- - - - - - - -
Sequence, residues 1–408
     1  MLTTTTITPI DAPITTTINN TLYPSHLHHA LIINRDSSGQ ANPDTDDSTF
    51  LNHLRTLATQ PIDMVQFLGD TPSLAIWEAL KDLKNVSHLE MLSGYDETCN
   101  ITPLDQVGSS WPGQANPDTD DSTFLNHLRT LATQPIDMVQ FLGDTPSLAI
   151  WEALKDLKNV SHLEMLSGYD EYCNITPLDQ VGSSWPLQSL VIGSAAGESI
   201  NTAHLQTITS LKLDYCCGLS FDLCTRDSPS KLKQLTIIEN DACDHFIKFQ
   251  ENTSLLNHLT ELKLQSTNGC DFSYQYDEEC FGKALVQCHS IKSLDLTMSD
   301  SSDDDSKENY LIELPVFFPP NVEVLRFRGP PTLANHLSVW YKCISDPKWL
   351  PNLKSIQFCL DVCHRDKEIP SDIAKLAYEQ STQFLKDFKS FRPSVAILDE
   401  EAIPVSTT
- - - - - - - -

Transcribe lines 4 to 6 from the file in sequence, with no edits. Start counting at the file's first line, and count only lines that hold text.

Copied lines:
   101  ITPLDQVGSS WPGQANPDTD DSTFLNHLRT LATQPIDMVQ FLGDTPSLAI
   151  WEALKDLKNV SHLEMLSGYD EYCNITPLDQ VGSSWPLQSL VIGSAAGESI
   201  NTAHLQTITS LKLDYCCGLS FDLCTRDSPS KLKQLTIIEN DACDHFIKFQ